“London was a huge disappointment, but I had been involved with race horses for so long that I know how it goes,” says Deborah realistically. “You think you’ll have the winner and then something happens and they can’t race that day. You learn to live with disappointments.”

Deborah’s faith in David and Capital was rewarded when the pair topped the 2012/2013 North American World Cup standings which qualified them for the 2013 World Cup Final in Sweden. While David opted not to compete, instead keeping his focus on the 2014 World Equestrian Games, the achievement was further proof of their potential on the international stage.

On The Home Front

Raised in Nebraska where his mother introduced him to riding, David moved to Canada to attend university and trained under 1988 Canadian Olympic team bronze medalist Cindy Ishoy and her husband, Neil. With five North American Young Riders’ Championship appearances to his credit, including winning silver and bronze medals and the Capt DeSzinay Memorial Sportsmanship Award, David opted to remain in the area after university and open his own business. At the end of 2011, having lived in Canada for more than 10 years, he obtained Canadian citizenship just in time to be eligible for selection to the Canadian Olympic Team.

At his training center, David Marcus Dressage, located 45 minutes west of Toronto, David has approximately 18 horses in training at any one time. His days are spent riding and coaching alongside his partner of three years, Australian international Grand Prix rider Nicholas Fyffe.

In the winter, David and his team migrate south to Wellington, Florida, where international competition is available in abundance. Based at Tuny Page’s Stillpoint Farm, David now works with Israeli trainer, Oded Shimoni, having trained with Robert Dover for several years before he was named the U.S. team coach.

In addition to Chrevi’s Capital, a 13-year-old Danish-bred gelding (Chrevi’s Cavallo x Weinberg), David also competes Don Kontes at the Grand Prix level. While this Swedish Warmblood gelding by Don Schufro was originally intended for Deborah, she recognized that the horse could be developed to its full potential under David. Deborah also owns young horses that David is campaigning in the FEI Young Horse divisions, as well as broodmares and young stock, the latter of which will eventually come into David’s program for evaluation.

“First and foremost, David is a wonderful rider and trainer,” says Deborah of their partnership. “I like how he looks after my horses as if they are his own. He is so talented, and he’s got an incredible eye for horses.”

When asked what he thinks the key is to their successful partnership, David answers, “Honesty and communication. That’s not to say that we haven’t agreed or disagreed in the past, but as long as we keep the lines of communication open, I think it strengthens our relationship. We’re a great team in that way. I couldn’t do it without her.”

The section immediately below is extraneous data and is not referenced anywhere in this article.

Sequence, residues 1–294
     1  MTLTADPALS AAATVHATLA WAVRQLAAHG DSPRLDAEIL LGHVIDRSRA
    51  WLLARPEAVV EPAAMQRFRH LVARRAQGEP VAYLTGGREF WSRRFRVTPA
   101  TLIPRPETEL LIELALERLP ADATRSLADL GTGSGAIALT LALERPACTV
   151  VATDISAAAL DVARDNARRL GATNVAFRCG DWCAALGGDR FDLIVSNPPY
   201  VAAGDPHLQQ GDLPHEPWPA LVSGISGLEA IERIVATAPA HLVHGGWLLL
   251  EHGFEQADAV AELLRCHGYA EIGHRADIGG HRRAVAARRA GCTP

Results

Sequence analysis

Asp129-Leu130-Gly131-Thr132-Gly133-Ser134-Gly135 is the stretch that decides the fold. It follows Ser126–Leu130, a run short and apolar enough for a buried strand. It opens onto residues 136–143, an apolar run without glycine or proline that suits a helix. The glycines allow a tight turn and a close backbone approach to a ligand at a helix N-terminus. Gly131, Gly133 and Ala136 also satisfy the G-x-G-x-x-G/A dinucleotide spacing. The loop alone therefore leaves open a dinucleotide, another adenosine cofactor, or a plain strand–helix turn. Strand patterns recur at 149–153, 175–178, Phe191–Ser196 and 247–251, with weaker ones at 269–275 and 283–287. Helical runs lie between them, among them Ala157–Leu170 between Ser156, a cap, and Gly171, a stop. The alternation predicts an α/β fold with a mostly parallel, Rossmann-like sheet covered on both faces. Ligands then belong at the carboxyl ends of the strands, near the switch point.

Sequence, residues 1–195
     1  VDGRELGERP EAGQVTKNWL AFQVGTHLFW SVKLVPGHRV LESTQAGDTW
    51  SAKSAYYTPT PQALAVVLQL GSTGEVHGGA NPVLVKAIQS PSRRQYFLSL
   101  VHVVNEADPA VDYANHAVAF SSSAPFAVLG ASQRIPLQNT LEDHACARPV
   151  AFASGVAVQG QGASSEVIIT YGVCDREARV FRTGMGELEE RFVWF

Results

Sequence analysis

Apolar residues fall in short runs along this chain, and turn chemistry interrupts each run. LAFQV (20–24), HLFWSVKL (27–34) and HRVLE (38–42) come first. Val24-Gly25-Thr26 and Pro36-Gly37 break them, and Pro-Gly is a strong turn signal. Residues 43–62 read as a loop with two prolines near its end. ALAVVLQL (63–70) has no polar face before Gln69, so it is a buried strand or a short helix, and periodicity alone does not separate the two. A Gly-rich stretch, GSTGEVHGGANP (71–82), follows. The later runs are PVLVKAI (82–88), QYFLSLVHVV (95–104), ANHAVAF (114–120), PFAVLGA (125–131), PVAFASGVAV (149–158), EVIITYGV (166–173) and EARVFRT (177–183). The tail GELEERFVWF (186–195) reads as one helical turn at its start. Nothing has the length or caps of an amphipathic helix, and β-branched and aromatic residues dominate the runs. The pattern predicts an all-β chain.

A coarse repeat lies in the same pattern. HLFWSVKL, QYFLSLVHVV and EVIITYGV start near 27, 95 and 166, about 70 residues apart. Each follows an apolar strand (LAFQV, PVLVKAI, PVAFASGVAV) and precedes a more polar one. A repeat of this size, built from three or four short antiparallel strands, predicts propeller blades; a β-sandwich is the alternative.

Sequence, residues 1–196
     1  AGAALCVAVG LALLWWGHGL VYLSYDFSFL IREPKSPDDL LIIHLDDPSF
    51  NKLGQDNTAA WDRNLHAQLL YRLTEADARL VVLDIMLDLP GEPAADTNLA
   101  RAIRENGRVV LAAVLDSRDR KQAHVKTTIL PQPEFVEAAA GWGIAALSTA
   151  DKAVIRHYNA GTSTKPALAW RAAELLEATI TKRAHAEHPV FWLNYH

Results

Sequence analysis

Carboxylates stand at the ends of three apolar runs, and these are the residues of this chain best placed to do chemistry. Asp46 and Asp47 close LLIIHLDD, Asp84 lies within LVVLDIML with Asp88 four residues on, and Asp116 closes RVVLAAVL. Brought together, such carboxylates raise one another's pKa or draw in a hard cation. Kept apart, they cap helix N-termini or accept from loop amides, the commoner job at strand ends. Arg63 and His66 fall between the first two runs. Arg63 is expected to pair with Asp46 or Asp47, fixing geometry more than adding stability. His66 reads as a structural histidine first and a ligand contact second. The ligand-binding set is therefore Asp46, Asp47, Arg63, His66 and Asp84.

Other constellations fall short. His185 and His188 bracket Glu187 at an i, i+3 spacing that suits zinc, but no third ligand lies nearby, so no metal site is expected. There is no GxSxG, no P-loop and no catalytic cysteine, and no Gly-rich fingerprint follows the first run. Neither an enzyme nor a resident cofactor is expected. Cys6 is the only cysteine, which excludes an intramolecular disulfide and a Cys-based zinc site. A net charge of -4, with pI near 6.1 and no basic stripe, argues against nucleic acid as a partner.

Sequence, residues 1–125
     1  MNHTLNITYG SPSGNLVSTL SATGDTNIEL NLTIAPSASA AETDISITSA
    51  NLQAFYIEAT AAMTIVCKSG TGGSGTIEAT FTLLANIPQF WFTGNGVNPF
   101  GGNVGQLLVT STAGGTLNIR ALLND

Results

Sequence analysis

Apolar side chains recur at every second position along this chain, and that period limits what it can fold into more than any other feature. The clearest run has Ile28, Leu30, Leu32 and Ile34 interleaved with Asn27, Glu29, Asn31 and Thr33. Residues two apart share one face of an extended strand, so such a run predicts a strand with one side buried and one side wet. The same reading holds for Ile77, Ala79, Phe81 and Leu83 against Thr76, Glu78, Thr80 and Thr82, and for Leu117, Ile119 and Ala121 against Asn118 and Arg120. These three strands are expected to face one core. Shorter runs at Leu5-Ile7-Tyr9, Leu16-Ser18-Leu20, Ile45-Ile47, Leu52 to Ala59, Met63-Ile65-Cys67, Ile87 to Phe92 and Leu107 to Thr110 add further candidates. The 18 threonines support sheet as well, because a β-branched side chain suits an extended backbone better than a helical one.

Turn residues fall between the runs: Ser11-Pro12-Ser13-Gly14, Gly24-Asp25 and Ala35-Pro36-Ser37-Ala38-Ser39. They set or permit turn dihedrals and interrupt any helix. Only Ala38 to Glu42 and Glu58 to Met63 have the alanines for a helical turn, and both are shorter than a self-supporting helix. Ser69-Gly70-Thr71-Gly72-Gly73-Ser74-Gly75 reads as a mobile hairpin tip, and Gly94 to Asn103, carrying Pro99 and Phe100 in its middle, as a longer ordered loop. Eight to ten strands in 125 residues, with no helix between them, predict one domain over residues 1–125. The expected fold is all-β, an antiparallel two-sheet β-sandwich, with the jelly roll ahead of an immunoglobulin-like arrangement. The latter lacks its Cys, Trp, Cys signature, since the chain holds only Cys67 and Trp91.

Deborah’s contagious enthusiasm has recently spread beyond her partnership with David to the national dressage program in Canada, where she has developed the Canadian Dressage Athlete Assistance Program to financially support riders who have the potential to represent their country.

Role Model

Having being thrust into the limelight in London, David has become somewhat of an ambassador for dressage. He is the model for the 2014 Adequan Global Dressage Festival official poster and often is invited to participate in demonstrations and charity events as a dressage personality. His public profile has attracted a number of sponsors including EquineLux saddle pads, Neue Schule bits, SSG Gloves, and Trilogy saddles.

David balances his public appearances with coaching, a demanding clinic schedule, and his own training.

“Last year, Capital, with the exception of one competition, always scored over 70% in the Grand Prix,’ said David. ‘My goal is to maintain that consistency and squeeze out a few extra points, which I think he is more than capable of. I’m really excited about the way that he has been progressing in his training; he’s really been improving in his piaffe and passage work. I’m hoping that with the new co-efficient that has been introduced for piaffe, it will be useful for our scores as the piaffe is one of our strengths.”

A year and a half after his first major games experience, David remains focused on representing Canada this summer in Normandy with Capital, with his secondary goal being to qualify Don Kontes for April’s World Cup Final in Lyon.

David’s trials and tribulations on his road to success are perhaps best summed up by his owner.

“David was able to pick himself up, dust himself off, and go back out there and win in Devon, win in Florida, be number one in the World Cup rankings and show everyone how good he and Capital really are,” said Deborah. “That’s the epitome of taking a massive disappointment and putting it behind us. We learn from it, and we move forward.”